Tom Taylor Now: Harry Lyles Talks “Classic Hip Hop” 10.29.15

Happy First Birthday to “Boom” (and today’s classic hip-hop format). (10.29.15)

Though consultant Harry Lyles contends that “Classic hip-hop is simply the wrong name for the format,” and he’ll explain why in a moment. It’s been almost exactly a year (October 13, 2014) since Radio One shelved Houston’s “News 92” KROI and replaced it with “Boom 92.” The hype then was that KROI was “the first major-market throwback hip-hop station of its kind in the country.” Southern California’s KDAY/KDEY (both 93.5) had been exploring much of the same playlist for years, but Radio One felt it was formulating the music of the 1990s and 2000s differently.

Radio One CEO Alfred Liggins knew the rapturous reception for the format would die down in each market where they’ve introduced it (Dallas, Philly, etc.). But that the main questions were, #1, would it settle in at a good level and #2, was the new “Boom” an improvement over the format it replaced? Liggins seems happy with Houston, where he’s no longer losing millions on an all-newser that couldn’t find its footing. (“Boom 92” is cheaper to run.) And here are the Nielsen topline age 6+ AQH shares for the Houston Boom – there was a 1.0-share from the previous all-news station. Then a 3.2 in Boom’s first month, when weekly cume exploded from 225,000 to 825,000 in its debut week. The next PPM monthlies after the 3.2 were a 2.9 and a 2.5. How about recently? The last four months have run 2.0-1.7-1.7-1.7. Radio One still likes the strategy of owning the classic hip-hop position for Houston, in between its young-end urban “Box 97.9” KBXX and urban AC “Majic 102” KMJQ. And so far it’s stuck with Boom in other markets. The ripple effect has Cumulus/Westwood doing a more inclusive musical take, based on its roaring first-book-#1 success at Indy-market “93.9 the Beat” WRWM. This NOW Newsletter’s asking some experts about “Boom” and its progeny –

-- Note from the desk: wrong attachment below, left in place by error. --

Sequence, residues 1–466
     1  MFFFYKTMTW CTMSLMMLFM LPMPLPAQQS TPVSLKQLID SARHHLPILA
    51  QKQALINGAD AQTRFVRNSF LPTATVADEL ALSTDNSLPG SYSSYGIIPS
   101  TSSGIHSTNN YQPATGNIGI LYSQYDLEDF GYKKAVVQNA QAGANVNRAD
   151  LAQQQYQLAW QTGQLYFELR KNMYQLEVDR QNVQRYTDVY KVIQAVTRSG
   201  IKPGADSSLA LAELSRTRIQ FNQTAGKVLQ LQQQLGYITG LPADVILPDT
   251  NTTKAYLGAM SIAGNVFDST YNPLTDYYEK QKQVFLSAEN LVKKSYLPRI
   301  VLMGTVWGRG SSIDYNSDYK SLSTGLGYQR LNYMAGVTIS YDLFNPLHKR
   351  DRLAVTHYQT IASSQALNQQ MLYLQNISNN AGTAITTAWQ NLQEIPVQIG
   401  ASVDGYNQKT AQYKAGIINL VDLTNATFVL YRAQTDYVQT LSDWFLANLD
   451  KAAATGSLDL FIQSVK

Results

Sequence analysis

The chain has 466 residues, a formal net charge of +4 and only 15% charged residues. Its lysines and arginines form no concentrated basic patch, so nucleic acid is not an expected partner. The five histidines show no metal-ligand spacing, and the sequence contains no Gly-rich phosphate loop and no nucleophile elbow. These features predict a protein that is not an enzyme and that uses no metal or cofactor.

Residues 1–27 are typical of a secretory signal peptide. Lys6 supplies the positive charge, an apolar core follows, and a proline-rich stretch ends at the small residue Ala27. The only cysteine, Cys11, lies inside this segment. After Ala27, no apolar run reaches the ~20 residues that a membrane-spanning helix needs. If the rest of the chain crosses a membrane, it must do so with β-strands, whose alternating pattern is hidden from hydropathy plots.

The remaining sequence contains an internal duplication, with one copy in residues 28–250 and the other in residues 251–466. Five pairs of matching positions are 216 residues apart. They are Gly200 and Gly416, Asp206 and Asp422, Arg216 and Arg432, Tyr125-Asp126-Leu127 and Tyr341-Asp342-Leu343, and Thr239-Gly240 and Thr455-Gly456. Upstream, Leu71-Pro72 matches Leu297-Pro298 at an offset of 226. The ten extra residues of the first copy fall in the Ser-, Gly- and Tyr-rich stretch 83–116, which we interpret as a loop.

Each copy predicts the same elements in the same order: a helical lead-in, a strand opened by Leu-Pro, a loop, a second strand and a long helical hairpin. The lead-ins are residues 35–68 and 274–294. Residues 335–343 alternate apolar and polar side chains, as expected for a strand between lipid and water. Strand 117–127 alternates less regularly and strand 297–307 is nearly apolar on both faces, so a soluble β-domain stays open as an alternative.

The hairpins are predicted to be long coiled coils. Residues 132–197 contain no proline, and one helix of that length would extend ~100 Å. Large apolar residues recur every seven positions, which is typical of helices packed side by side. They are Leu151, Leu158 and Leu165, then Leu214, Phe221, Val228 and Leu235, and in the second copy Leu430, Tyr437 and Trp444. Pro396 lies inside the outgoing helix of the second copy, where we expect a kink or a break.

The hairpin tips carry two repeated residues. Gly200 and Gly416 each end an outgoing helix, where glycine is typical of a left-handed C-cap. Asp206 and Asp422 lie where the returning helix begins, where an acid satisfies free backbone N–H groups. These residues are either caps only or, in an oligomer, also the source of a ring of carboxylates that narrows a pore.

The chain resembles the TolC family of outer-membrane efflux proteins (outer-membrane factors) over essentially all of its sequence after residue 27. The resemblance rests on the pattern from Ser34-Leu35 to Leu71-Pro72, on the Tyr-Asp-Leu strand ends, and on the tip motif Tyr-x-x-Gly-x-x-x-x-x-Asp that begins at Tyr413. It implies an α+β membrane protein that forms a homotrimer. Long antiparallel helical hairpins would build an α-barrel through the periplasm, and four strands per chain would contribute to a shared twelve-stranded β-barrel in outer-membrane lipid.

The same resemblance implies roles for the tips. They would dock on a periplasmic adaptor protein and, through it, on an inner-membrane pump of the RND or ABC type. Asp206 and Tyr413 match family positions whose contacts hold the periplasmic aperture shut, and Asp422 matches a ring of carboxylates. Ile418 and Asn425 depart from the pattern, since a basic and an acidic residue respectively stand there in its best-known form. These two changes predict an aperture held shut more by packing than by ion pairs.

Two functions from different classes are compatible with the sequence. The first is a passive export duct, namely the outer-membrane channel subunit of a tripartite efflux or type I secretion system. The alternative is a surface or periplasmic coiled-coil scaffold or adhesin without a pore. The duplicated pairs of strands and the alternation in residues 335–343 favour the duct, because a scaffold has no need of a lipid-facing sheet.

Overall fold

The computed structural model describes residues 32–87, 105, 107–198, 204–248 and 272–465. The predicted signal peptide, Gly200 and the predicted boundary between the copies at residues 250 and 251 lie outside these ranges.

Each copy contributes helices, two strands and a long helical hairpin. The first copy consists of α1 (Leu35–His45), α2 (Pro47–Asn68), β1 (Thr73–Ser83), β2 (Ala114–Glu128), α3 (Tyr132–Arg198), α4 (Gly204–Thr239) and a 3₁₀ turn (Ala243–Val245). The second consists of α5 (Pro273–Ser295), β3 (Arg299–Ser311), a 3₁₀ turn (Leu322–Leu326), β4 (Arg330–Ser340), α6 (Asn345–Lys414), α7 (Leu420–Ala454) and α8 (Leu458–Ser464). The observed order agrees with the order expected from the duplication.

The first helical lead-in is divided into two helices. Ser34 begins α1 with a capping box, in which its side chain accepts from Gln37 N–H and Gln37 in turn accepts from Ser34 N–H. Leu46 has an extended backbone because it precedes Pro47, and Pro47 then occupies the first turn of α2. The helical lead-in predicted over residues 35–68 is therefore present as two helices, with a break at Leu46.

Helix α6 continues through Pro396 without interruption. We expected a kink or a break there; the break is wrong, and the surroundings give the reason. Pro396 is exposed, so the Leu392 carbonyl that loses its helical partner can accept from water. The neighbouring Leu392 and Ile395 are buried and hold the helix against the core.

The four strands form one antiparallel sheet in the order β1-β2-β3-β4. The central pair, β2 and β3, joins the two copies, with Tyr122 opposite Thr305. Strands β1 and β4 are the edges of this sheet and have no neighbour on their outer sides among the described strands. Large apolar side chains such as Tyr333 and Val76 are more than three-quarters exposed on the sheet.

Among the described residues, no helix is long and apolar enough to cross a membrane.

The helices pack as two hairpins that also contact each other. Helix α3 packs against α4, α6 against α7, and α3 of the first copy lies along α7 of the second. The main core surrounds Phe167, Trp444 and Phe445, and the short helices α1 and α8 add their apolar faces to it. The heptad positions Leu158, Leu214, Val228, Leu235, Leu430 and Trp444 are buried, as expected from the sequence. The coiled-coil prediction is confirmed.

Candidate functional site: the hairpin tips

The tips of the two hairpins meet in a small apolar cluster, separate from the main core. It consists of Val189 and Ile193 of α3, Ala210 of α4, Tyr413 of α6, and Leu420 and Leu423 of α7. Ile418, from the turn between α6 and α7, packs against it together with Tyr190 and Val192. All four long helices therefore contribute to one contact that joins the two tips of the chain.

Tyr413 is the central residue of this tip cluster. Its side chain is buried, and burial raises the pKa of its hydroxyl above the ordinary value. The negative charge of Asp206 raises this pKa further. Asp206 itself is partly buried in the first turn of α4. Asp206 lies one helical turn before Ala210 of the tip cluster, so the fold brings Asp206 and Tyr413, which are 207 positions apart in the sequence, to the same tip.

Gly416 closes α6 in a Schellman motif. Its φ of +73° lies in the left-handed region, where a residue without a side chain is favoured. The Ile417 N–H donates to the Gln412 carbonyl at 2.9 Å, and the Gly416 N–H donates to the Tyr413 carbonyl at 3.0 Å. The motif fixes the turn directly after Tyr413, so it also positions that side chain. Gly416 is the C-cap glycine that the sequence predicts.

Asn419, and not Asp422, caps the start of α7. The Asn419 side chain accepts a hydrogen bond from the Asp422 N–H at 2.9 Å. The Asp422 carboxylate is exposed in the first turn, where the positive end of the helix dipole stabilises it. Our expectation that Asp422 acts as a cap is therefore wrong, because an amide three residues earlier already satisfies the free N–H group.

• “This is the new Adult Urban AC,” says consultant Harry Lyles of Lyles Media Group. As you read in the first story, Harry thinks that “Classic hip-hop is simply the wrong name for this format. Our research tells us, and the ratings success or lack of it teaches us, that the real targeted hip-hop fans don’t call it ‘classic hip-hop,’ and don’t like the name. They refer to it as ‘Hip-hop’ or when applicable, ‘Old School Hip-hop.’” Harry also says “using labels like ‘OG’ [for ‘Original Gangsta’] or ‘Boom’ do the format no favors, and can accidentally paint a negative picture.

But when properly programmed, this format can be widely accessible, musically focused, easy to promote, and it can create incredible time-spent-listening.” He says “professionally programmed and marketed Hip-hop and Old School Hip-hop often are great word-of-mouth formats and can deliver powerful and positive listener attention.” But there’s the dimension of talent – “Sadly, many of the existing stations have the wrong type of talent, especially in the morning. It is important that the talent reflects the age and mindset of the target listeners. And as is often the case, the strength of the station, beyond the music, also relies on the morning show – and to be honest, most stations miss the boat.”

And finally, what Harry said up-top – “Based on what we have learned, this is the new adult urban AC, that has more appeal than regular UAC.”